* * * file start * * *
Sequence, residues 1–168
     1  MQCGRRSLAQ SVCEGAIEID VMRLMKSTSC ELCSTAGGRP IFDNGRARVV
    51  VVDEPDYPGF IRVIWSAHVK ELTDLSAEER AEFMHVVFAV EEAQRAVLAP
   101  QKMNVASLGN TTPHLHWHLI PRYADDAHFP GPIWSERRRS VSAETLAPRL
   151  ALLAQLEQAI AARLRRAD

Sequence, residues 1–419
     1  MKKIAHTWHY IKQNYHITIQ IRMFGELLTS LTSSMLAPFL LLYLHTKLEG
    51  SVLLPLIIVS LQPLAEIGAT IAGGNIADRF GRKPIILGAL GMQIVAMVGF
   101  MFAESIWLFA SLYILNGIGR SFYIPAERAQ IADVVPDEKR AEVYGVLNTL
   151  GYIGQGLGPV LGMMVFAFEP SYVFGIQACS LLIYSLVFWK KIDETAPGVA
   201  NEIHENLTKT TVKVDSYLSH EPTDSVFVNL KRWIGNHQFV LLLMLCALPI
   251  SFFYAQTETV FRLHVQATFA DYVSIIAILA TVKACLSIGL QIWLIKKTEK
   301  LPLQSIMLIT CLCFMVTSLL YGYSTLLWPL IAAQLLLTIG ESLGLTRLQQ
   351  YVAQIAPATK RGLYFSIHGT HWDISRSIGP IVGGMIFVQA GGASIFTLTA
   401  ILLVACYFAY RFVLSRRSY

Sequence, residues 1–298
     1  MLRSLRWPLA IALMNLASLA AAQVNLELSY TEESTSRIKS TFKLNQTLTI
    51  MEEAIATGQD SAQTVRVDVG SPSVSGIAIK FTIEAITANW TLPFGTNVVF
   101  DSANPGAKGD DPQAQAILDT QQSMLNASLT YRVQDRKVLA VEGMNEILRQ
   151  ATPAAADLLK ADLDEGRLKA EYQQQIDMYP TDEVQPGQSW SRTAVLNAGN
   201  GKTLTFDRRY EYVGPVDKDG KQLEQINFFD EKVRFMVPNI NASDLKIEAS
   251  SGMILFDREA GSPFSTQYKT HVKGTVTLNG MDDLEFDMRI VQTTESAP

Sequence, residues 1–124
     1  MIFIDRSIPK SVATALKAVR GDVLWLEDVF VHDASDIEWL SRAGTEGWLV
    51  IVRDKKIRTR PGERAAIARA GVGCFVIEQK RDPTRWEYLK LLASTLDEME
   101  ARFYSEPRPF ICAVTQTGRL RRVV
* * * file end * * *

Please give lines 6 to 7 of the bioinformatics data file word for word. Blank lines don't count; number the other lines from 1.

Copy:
Sequence, residues 1–419
     1  MKKIAHTWHY IKQNYHITIQ IRMFGELLTS LTSSMLAPFL LLYLHTKLEG